All apologies for my tardy post, but someone had to go to the Bronx to lecture to aspiring artists on illustration and book making. It was fun, as it usually is, to get out of my comfort zone and ramble on and on about things I sort of know something about. As entertaining as it is to blather on about myself, as I am so wont to do, the real joy of this kind of experience is meeting the students and finding out what they’re making. I love interacting with insightful and talented students just figuring out what to do with all their crazy energy. Regardless of what they say, I tell them to do more.

I know it makes my mom all nervous but I rather like going to the Bronx. Yeah, parts of it are sketchy, but so what. But I still get a thrill about being a silly, suburban kid from the middle of nowhere, Pennsylvania, who dreamt of making paintings and art, who managed to discover writing and illustrating the coolest children’s books and who gets to hop on the 4 train at the Brooklyn Bridge and ride uptown, beneath all the wealthy a-holes in Manhattan, to pop up in the Bronx and meet people intent on being as awesome as I strive to be. Never in a million years would I have imagined such things. And yet, it’s kind of my normal. So normal, that I have to take a step back and say to myself, this is not the normal of most people I know. But I like it. Plus, I got to give Yankee Stadium the finger, twice. Go, Orioles! (Or if I have to cheer for a local team: Go, Mets! … Oh you poor boys, so close. Let’s hope you learn the magic of small ball for 2016 season. Base hits are really quite useful, more so than the occasional home run. Just saying.)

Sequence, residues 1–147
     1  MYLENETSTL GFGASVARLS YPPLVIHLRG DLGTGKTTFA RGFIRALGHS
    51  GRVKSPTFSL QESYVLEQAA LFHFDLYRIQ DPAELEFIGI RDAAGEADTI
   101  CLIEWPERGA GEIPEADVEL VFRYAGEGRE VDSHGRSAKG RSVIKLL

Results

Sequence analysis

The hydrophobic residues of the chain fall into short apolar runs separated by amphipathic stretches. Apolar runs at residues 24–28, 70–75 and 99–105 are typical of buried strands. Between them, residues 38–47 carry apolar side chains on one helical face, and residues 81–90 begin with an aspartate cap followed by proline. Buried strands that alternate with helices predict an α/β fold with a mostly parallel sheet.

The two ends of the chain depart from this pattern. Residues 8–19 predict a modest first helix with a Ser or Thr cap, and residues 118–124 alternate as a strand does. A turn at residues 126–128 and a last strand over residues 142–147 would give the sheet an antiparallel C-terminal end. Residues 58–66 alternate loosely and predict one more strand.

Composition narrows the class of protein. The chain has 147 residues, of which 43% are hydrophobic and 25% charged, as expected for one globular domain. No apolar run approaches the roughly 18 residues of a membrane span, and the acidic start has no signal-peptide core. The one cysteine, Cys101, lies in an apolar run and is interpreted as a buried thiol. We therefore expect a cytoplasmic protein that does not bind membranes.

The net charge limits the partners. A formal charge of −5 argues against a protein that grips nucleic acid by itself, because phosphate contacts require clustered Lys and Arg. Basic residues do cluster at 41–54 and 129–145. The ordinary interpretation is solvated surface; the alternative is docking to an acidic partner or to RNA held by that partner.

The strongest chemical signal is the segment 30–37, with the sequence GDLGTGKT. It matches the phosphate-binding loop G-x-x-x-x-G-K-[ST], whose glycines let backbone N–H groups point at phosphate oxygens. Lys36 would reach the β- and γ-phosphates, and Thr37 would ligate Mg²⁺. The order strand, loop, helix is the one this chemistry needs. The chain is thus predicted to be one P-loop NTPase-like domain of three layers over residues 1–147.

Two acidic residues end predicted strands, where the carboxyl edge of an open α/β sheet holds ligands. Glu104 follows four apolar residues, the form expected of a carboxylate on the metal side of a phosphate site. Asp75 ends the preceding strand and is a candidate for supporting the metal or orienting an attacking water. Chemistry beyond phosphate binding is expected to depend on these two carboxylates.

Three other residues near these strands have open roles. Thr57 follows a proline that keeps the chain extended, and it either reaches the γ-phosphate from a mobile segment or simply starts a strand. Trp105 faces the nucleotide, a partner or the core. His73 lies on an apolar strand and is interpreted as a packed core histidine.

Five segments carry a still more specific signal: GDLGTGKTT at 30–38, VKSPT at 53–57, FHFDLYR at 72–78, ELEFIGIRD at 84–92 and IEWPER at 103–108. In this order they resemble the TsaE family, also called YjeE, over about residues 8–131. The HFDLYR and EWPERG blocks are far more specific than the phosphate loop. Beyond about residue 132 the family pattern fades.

Back to my thing today… the theme of my lecture was 4 truths of professional illustration. Things I wish I’d known when I was 20. Sure, using the word “truth” is the fastest way to sound like a jackass, but there are some truths to this industry. I didn’t learn how things worked until I was in my 30’s. So, if I can help a few budding artists to dodge some mistakes that I blundered into, them my talk was worth the effort. Yes, they’ll go on to make their own mistakes, but hopefully, they won’t make my mistakes.